Bushwick

In Public Service: Davila cites grit as key to success

Assembly member says she never gives up

December 23, 2015 By Paula Katinas Brooklyn Daily Eagle
“My feistiness has carried me through,” Assemblymember Maritza Davila says. Eagle photo by Paula Katinas
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Drug dealers know not to mess with Maritza Davila.

As a single mother raising her three children in a Bushwick apartment house several years ago, Davila mobilized her fellow tenants, and together they chased drug dealers out of the building.

“I knew my kids deserved to be safer and I was willing to fight for it,” she boldly told the Brooklyn Eagle.

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All of the tenants would come out of their apartments at the same time and stand guard in the hallway in an attempt to intimidate the drug dealers who were hanging out there. “It was like a citizen’s patrol,” Davila recalled. “We got the drug dealers out. We did not back off.”

It wasn’t easy. “It took a lot of smarts, street smarts, to get it done,” Davila said.

Davila, a Democrat, is now a member of the New York State Assembly, representing the 53rd Assembly District (AD). The district covers Bushwick, the community where Davila grew up and the neighborhood she still holds close to her heart.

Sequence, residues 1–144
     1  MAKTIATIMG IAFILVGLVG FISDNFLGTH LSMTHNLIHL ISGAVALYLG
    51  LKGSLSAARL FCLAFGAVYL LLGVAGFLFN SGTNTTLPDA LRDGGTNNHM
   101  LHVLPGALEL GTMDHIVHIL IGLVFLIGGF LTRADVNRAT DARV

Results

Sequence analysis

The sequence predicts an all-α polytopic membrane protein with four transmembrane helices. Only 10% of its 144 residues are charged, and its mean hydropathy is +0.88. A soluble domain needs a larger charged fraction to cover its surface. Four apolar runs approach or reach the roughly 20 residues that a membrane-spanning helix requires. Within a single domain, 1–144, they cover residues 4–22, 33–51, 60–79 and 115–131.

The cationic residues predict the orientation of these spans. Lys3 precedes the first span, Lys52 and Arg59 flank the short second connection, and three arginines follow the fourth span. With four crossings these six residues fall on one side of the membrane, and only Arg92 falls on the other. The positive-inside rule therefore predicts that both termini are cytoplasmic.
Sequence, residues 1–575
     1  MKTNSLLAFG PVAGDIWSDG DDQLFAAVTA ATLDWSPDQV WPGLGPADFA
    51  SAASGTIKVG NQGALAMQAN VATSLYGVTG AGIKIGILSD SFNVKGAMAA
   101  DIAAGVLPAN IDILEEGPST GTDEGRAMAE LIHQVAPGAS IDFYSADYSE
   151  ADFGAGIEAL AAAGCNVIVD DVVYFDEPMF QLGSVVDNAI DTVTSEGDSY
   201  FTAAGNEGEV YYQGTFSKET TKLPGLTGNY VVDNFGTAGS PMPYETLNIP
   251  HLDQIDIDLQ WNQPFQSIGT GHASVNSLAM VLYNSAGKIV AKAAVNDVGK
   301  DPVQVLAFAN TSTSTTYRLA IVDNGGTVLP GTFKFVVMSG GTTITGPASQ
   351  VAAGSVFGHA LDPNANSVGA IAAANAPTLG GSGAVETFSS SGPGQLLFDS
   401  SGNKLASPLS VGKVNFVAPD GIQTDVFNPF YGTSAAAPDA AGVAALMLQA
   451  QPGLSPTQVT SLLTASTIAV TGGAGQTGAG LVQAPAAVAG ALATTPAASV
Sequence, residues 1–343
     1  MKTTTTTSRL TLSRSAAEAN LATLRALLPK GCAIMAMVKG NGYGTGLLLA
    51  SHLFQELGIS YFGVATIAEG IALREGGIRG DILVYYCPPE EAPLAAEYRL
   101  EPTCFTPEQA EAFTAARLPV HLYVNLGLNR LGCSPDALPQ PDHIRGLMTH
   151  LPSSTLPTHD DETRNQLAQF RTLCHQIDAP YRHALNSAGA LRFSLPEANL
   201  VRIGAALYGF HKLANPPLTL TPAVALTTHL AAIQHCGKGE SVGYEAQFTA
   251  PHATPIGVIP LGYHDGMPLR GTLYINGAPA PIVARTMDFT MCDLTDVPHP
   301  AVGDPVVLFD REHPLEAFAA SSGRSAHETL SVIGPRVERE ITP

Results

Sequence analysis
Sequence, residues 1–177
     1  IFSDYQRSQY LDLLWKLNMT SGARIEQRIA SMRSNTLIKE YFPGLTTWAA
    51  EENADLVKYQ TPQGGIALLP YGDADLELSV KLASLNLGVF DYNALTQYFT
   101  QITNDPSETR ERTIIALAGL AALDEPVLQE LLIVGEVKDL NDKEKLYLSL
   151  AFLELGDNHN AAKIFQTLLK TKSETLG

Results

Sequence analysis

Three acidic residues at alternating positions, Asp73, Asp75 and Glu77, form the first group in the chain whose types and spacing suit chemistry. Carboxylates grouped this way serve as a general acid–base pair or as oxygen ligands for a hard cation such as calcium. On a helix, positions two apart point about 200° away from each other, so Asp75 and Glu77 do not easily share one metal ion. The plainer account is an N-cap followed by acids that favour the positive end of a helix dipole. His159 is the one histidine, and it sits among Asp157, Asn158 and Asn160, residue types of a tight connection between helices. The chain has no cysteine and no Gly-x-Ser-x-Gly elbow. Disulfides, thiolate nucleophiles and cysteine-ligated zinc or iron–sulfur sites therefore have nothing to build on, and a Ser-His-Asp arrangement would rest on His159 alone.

The 53rd AD also includes parts of Williamsburg. In recent years, there has been an influx of restaurants and “nice places to eat” in her district, Davila said.

Davila is a relative newcomer to Albany. She has served in the Assembly since 2013, when she won a special election to replace disgraced assemblymember Vito Lopez, who resigned when he was dogged by sexual harassment allegations. Davila was elected to finish out the remainder of Lopez’s term in office. The following year, 2014, she ran for re-election and won easily. She had no opponent. “No one challenged me,” she said.

While she is a newcomer, Davila is already making her mark in the state Capitol.

She was tapped by the Assembly’s Democratic leadership to serve as chairman of the Subcommittee on Retention of Homeownership and Stabilization of Affordable Housing. She believes rent regulations needed to be made stronger.